Huynh talks about his next work, titled “Donut Hole: Portraits on Pink Donut Boxes of the Second Generation”. It focuses on “The Donut Kids” from Southern California.

“These are kids who grew up in donut shops,” she says. “Their parents would take them to the donut store at 3 am, put them on the sacks of flour to sleep in while their parents made donuts, then get them up to go to school. These kids worked in the donut shops, did their homework in the donut shops, so I am very happy to honor them.

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Honoring our past is something Huynh examines in his public art commissions for the Los Angeles County Metropolitan Transportation Authority. The idea is that through these images, passers-by discover the past of a neighborhood and immerse themselves in part of its cultural heritage.

“Especially for public art, it’s a service to the community,” says Huynh. “It’s important to research history. Not just written history as much of written history is favored by those who can afford to write it. But the story of workers who do not have time to write their history. For me, it’s important that public art reflects the community… So I research and interview the people who live there. I try to do it because it gives me the opportunity to learn.

At a metro station in El Monte, Huynh’s play “In the Meadow” features a lion’s head, a nod to the closed Gay’s Lion Farm theme park and the local high school mascot – a glimpse into the past. the city. Who knew El Monte once had a theme park dedicated to lions? Huynh wants us to remember our past so that we can build a better future.

“History is alive,” she insists.

Phung Huynh’s work refers to his Cambodian heritage. (Photo by Drew A. Kelley, Contributing Photographer)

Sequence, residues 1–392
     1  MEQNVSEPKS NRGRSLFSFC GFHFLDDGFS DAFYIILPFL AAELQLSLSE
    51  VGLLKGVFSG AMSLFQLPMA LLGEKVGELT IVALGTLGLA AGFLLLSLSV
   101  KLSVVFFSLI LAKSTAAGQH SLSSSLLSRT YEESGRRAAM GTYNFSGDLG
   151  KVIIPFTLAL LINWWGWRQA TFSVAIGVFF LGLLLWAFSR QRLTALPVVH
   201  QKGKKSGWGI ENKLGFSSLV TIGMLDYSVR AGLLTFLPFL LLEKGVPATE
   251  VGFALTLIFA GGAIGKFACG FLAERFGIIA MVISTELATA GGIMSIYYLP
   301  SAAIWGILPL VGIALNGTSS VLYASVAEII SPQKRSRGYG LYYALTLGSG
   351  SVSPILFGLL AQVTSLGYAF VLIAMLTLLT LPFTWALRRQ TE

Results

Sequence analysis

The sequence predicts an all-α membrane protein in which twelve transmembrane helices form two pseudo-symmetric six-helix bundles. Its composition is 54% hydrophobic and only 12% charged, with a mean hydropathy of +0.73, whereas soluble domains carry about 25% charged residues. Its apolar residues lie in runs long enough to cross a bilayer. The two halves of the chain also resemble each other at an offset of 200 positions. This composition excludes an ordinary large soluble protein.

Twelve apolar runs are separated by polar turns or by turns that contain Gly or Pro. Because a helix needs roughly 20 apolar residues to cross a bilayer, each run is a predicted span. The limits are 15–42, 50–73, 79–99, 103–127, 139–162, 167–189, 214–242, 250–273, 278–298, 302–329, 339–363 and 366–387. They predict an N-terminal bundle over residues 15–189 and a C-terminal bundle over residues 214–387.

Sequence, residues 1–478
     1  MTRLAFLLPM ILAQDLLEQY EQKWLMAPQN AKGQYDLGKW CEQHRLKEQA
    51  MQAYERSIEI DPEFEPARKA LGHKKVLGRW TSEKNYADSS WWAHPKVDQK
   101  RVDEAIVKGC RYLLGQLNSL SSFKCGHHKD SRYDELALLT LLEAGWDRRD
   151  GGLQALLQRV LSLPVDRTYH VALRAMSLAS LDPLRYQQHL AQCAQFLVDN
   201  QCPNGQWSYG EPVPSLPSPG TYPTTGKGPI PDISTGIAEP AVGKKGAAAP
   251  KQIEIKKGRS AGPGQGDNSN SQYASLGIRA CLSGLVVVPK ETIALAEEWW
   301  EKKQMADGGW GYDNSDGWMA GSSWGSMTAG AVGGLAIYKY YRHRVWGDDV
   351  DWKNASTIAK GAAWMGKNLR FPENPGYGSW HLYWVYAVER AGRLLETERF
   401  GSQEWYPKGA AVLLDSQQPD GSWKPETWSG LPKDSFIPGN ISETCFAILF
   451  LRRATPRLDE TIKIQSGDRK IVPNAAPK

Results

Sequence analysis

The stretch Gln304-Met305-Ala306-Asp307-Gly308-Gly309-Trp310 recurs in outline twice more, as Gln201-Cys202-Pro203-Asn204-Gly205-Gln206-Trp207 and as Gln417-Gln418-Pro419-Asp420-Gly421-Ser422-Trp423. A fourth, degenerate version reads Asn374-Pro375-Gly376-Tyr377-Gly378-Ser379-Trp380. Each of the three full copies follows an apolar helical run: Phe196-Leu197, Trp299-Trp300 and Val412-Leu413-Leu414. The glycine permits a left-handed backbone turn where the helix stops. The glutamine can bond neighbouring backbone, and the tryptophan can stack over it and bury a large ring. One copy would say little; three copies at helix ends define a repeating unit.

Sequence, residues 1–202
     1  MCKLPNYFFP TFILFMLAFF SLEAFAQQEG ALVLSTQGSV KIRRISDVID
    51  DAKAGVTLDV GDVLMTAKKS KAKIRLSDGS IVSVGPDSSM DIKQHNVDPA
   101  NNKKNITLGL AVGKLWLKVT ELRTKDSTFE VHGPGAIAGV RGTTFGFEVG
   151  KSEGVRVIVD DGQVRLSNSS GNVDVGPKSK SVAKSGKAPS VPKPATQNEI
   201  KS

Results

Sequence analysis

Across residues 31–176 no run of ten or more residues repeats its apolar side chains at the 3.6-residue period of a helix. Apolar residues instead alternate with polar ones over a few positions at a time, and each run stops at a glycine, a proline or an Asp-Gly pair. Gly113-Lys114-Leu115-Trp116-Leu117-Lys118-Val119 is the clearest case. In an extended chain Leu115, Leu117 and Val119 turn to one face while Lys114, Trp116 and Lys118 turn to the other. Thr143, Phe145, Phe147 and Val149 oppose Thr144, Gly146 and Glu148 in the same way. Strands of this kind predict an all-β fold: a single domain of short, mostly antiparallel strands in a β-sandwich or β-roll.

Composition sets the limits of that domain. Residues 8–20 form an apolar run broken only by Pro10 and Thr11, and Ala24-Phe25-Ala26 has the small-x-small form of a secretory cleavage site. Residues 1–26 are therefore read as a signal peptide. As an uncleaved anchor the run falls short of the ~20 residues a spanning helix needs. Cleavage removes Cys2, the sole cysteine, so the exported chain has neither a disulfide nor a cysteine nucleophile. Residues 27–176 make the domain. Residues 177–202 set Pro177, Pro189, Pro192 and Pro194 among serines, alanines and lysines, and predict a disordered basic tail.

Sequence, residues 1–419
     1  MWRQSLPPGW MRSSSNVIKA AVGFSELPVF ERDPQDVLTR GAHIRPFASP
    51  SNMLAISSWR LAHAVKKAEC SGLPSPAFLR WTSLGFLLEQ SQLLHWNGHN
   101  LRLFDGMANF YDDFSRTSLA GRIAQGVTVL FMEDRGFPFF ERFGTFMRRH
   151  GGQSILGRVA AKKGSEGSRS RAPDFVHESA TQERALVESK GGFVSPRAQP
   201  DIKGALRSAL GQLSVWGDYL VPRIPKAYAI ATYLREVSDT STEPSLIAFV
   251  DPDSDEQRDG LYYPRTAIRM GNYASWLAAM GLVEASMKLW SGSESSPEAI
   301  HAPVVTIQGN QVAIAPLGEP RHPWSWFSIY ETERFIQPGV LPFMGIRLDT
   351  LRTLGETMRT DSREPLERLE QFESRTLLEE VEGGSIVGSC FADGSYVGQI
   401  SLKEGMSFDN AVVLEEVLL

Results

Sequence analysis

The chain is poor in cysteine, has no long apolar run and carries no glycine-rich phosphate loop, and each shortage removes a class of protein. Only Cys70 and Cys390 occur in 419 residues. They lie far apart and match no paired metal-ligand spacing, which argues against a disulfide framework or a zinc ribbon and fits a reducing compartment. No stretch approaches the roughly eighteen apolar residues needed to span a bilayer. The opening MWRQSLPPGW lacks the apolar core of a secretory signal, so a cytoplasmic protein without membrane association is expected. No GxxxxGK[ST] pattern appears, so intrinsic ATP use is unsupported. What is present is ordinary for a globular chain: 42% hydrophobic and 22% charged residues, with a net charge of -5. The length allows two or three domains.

In Laurel Canyon / Valley Village, “Lucky California” features whimsical cherubs playing in blooming California poppies and plump oranges. For the Alhambra Bruscard poster, Huynh delved into the city’s history and painted his innovative iron pipe system, the first of its kind in California.

As an educator, Huynh encourages the next generation of artists to create their own path. Their cultural identity should not limit them. She credits her relationship with another retired LA-based artist / activist and teacher for her passionate connection to history.

“It’s from Charles Dailey, my mentor,” she said. “There are so many healing and connecting points in this relationship for me. When you are a refugee from the Vietnam war [like me], and you see all those horrible Hollywood movies where Asians don’t have speaking roles, women are objectified; and then for Mr. Dailey, my second daddy [and an African American Vietnam veteran], calls me her child and convinces my parents: “Let her be an artist” rather than a doctor or a lawyer. “She’s going to be okay. He believed in me. It is life changing and it is powerful.